Model airports

Simulations allow both airport and airlines planners to test out their ideas in a virtual world before implementing them for real.

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By  Neil Denslow Published  August 1, 2005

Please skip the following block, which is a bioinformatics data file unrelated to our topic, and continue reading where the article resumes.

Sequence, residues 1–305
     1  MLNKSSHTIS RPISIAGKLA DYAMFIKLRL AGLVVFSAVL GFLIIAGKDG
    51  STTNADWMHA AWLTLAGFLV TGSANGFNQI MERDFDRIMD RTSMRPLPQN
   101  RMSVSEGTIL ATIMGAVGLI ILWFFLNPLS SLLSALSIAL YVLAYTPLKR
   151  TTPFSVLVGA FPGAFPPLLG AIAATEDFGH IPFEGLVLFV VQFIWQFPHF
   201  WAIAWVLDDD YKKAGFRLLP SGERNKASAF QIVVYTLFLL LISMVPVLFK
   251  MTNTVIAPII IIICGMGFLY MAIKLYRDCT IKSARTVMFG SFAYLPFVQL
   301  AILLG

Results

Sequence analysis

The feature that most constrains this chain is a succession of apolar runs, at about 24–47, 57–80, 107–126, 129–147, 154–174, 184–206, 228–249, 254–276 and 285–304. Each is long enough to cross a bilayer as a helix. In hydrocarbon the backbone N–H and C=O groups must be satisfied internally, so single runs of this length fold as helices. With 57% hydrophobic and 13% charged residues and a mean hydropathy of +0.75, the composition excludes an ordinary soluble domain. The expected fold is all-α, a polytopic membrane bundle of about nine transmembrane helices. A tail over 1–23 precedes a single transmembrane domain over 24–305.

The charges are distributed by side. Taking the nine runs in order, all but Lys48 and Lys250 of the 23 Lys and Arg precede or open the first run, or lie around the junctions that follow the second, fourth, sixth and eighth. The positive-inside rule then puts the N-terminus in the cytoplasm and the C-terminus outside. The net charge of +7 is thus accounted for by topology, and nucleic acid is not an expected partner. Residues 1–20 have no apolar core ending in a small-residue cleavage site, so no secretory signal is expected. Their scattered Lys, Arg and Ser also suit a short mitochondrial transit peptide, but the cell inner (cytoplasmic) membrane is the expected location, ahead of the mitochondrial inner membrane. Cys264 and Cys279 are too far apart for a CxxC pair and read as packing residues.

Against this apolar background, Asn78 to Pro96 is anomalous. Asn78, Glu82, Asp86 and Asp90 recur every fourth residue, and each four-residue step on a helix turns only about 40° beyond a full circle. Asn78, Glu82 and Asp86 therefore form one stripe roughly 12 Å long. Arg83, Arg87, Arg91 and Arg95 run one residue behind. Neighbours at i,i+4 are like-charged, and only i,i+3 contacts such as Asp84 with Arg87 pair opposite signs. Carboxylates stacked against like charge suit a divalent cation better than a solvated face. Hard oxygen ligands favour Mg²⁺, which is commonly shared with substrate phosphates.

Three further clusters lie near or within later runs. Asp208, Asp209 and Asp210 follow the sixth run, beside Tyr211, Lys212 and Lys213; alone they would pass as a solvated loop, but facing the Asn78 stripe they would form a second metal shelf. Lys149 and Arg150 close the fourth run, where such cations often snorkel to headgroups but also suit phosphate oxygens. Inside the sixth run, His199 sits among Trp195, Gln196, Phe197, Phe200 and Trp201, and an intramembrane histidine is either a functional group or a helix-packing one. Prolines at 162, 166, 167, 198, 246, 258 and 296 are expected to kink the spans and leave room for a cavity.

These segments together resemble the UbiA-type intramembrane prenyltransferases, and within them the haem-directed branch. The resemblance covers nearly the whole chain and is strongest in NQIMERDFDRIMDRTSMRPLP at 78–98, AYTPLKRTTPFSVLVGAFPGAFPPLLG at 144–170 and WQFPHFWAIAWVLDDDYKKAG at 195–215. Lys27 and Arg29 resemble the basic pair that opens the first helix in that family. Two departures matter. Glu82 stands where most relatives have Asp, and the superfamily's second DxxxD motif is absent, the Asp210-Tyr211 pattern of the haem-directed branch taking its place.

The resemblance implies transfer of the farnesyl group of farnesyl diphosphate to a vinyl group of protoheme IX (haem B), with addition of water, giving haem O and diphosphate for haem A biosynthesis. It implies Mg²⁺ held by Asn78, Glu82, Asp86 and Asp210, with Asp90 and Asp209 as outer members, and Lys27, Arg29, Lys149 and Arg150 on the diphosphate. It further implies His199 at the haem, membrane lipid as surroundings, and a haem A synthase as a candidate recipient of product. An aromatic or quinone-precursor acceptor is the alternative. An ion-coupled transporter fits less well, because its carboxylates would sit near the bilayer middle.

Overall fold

|~||~||~|Managing an airport expansion project is a hugely complex task. Aside from overseeing the actual construction, there is also the challenging task of calculating and minimising the impact that the work will have on both the airport’s operations and the wider air transport system. This can range from calculating what impact closing a taxiway for an afternoon will have on the airport, up to looking at the effects of a completely new airport on national airspace design and congestion levels. To tackle these issues, airport planners are increasingly using digital models to simulate the airport environment. This then allows them to try out possible scenarios in a virtual world before they are implemented for real, which is both quicker and cheaper to do. “A simulation provides a very safe and cost effective way of doing what-ifs,” explains Cameron Baillie, business development manager, Preston Aviation Solutions. “Different ideas can be tested and the best one can then be put into place for real, which will save you a lot of operational costs in the long run.” Preston Aviation Solutions, which is part of Boeing, has created simulations for projects at a number of major airports around the world. These include the construction of the third runway at Amsterdam Schipol and modelling the entire design and operations at Kuala Lumpa International Airport prior to its construction. Within the local market, it has also developed a model of Dubai International Airport, which is now being used to help guide construction work there. Other major airports in the region are also beginning to express an interest in the technology. “We are targeting other opportunities in the Middle East and introducing the solutions to them,” says Baillie. “And, obviously, the project we are opening in Dubai will act as a strong reference for us in the region.” The company’s solutions allow for gate-to-gate simulation, which means that a virtual aircraft can be tracked through each stage of its journey. This begins at the gate at the departure airport then proceeds along the taxiway to the runway, through takeoff and then during the climb to the right altitude. The simulation can then track the plane inflight, including internationally, to the destination airport, where it can be digitally landed and taxied to the gate. However, the simulation does not just look at the one plane on its own; instead, it simultaneously tracks all of the aircraft at the airport and in the airspace covered in the model. This wide-ranging simulation can be used in a host of different ways. Airport planners can use the technology to see the impact an infrastructure change or new service, for instance, would have on operations. The area around the airport can also be included, as Preston is working on adding aircraft noise footprints to its simulations. Airlines, meanwhile, can use modelling for planning purposes across their network. For instance, it can be used to assess the ripple effect if a hub suffers serious delays because of weather conditions. On a governmental level, the models can be used to map airspace designs and to assess the impact of a new airport, as well as for air traffic control planning and training. The Preston system can even show air traffic controllers a virtual view from their virtual control tower. In terms of an airport project, the work begins with creating a model of the airport infrastructure using Total Airspace and Airport Modeler (TAAM). (This architectural data can be uploaded into the system from CAD files.) Then a baseline model needs to be created that shows the operations of the airport as they stand. This is the most challenging part of the project, as the model needs to include a massive amount of information, including day of operations data, flight schedules, runway usage information and the airspace structure, to give just a few examples. “It can take from a couple of weeks to months to get a baseline depending upon the complexity of the operation,” notes Baillie. “However, once the baseline is agreed, then we can get into the what-ifs,” he adds. ||**|||~||~||~|With the baseline completed, the what-ifs can be quickly processed, which then allows the airport planners to assess various options. For instance, if they are considering closing an apron, the simulation can show the impact this would have on traffic flow, including both the probable flow if nothing else changed, and various alternatives if other taxiways were used in different ways. In most cases, the models are developed by Preston or by a consultancy, as it takes at least 8-12 months for people to be trained up on the system. However, while consultancy support may be enough for a short term project, airports looking to make more permanent use of the technology are able to buy a licence, which Dubai, for instance, is considering. “It is a considerable investment to buy a licence,” says Baillie. “However, what usually happens is that the consulting service shows the value of the tool and then the airport decides it wants to be able to do studies on its own.” Preston is also using simulations to assess the effect that the introduction of the A380 will have on airport operations. The launch of these massive superjumbos will impact on all areas of the airport, from the car parks and check-in desks all the way to the runway. “Airport operators need to look at the issue of wake turbulence from A380s, for instance, as when larger aircraft takes off smaller planes need to wait for longer [for the air to settle],” says Baillie. “This could well have an impact on runway utilisation rates,” he warns. As for the impact of A380s within the terminal, Preston is starting to use models to map the flow of passengers through the airport. This will be a key area for operators to assess, as facilities could be overwhelmed and passengers could miss their connections unless proper planning is in place. Modelling can help in this regard in a number of ways. For instance, it can show the flow of luggage through the baggage system and highlight any potential bottlenecks there, or, alternatively, show the flow of passengers through the terminal. “Airports need to look at the service level they want to achieve, and then ask how many check-in desks, for instance, do they need to open and at what time to get acceptable queue lengths,” says Baillie. Aside from raising service levels, modelling can also be used for improving revenue generation at airports. For instance, it could be used to test changes to the passenger flow in the duty free area, and to then assess what impact this would have on shopping habits. However, this kind of study needs data about the movement of people, which is much harder to gather and predict than the movements of planes following a timetable. “You need to do time and motion studies, and these are not very popular with people,” admits Baillie. “We therefore tend to rely on industry figures from IATA. However, these can still give a good idea of what will happen and whether you have room to build more duty free shops, for instance.” This is, of course, hugely advantageous for both the airport and its airlines, as it is much easier and cheaper to placate virtual passengers caught up in virtual queues rather than having to deal with real people waiting in real lines.||**||